Written by Frank McClure, posted by blog admin
Led by lead singer and synthesizer player Logan Andra Fongemie and guitarist Sean Hogan, Minneapolis’ Astronomique are sure to impress many with the release of their ten song collection Sharp Divide. There’s an overarching coherence defining the release shared by few albums in any vein and the four piece lineup plays with enormous chemistry reflected in the relatively sterile nature of a studio recording. There are certain consistent points sustaining the release, but Astronomique is quite at home with surprising their listeners as well while never going so far overboard as to make such efforts unrecognizable. Sharp Divide is cut to just the right length as well and the band’s confidence never seems to slip during the entirety of the release. Rather than coming off as talented young musicians, Astronomique comes off as a talented assemblage of veteran musicians near or reaching the peak of their artistic powers.
We are treated to a shot of that confidence, up close, with the album’s first song. “Forefathers” has an internal drive that’s impossible to ignore, focused largely on the work of bassist Preston Saari and drummer Mitch Billings, but the contributions from both Fongemie and Hogan offer much as well to this stellar track. “We Disappear” is another powerful potential single and Saari’s sternum shaking pulse is the heart of the song. Fongemie’s synthesizer flourishes are also particularly effective for adding color to this piece. Song construction is one of Sharp Divide’s strongest merits and few of the songs on this collection are more solid than “We Disappear”.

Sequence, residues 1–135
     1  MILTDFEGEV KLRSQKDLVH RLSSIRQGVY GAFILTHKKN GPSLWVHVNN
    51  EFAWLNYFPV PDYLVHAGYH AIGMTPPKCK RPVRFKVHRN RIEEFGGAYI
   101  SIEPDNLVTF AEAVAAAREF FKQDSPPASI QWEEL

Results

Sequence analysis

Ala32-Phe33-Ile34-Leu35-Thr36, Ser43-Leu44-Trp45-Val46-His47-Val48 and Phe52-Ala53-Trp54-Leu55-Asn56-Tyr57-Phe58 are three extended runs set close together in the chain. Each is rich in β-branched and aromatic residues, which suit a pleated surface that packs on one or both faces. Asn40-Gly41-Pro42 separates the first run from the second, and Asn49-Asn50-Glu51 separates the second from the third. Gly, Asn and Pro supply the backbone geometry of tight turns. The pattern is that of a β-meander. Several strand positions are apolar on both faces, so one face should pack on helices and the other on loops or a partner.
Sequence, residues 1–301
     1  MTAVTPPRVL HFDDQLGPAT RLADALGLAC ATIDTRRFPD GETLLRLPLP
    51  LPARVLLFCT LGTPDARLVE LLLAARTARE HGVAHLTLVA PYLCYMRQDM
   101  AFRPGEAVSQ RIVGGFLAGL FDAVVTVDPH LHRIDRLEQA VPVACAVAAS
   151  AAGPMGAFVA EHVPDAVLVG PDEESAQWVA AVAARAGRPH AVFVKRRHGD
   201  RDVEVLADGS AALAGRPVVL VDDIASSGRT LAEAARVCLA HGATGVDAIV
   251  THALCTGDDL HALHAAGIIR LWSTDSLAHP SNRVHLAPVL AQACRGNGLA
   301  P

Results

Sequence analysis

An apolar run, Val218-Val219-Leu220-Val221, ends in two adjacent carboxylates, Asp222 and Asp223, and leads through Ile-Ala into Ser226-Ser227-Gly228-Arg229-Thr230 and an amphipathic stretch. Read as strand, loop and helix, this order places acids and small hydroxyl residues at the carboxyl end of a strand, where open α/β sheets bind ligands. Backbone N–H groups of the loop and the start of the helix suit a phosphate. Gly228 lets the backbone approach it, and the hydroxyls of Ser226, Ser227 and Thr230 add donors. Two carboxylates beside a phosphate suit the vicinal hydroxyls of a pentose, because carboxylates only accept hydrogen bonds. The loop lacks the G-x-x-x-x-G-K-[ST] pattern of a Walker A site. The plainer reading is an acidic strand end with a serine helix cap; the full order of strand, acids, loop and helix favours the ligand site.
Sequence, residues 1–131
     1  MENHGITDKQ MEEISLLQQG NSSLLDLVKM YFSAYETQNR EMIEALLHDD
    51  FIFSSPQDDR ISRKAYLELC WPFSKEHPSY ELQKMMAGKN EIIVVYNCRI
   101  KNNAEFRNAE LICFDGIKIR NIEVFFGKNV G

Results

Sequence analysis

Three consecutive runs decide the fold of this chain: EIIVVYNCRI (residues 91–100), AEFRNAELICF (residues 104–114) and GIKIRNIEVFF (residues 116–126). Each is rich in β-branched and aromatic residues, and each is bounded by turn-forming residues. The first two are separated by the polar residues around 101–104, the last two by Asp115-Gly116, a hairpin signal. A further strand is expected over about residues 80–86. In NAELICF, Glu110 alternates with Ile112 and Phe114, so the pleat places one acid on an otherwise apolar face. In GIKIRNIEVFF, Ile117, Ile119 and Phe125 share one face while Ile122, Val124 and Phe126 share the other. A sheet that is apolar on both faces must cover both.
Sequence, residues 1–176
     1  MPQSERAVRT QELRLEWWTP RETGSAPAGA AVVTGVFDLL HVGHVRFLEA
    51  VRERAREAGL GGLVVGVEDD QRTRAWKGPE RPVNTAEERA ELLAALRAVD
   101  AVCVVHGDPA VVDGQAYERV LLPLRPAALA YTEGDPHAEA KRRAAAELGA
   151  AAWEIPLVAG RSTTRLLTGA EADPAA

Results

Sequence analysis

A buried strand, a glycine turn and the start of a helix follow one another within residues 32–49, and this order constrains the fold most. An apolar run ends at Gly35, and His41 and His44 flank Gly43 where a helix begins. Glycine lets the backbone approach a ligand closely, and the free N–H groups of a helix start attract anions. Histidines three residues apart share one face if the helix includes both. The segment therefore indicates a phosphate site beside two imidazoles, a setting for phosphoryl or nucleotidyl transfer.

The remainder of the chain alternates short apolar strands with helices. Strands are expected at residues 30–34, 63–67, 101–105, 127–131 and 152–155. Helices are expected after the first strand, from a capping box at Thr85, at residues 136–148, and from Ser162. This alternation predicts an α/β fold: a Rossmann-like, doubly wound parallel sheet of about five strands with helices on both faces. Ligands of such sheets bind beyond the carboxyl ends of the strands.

The songs “Losing Our Control” and “Sharp Divide”, however, raise the standards by which we evaluate this album. Astronomique burrow their best songs in the album’s midway point and both, specifically the title song, sound fully fleshed our and ready for the stage. The small hop Billings gives the song with his percussion is a stylistic note he strikes again on Sharp Divide, but never with the same sort of positive effect Billings achieves bringing it into “Losing Our Control”. “Smoke” is more cluttered, in some respects, than the earlier and later songs, but attentive listeners will appreciate the band’s willingness to mix things up for their listeners rather than remaining content to churn out variations on a theme for the entirety of Sharp Divide’s ten songs.
“Bleed Me” is another of the album’s more ominous numbers, evidenced by its title, but catches your ear in large part thanks to the unique contrast between its lyrics and engaging, likable musical content. Fongemie’s vocal is especially emotive here. The drum patterns for “Heading Nowhere” establish a patient, slightly busy groove for this mid-tempo album finale and the throb of Preston Saari’s voice gives the song a resonant center than never goes away. It seems like Fongemie’s vocals are laden with more echo than ever before, but it shouldn’t dampen your enthusiasm for the track or this stunning studio release.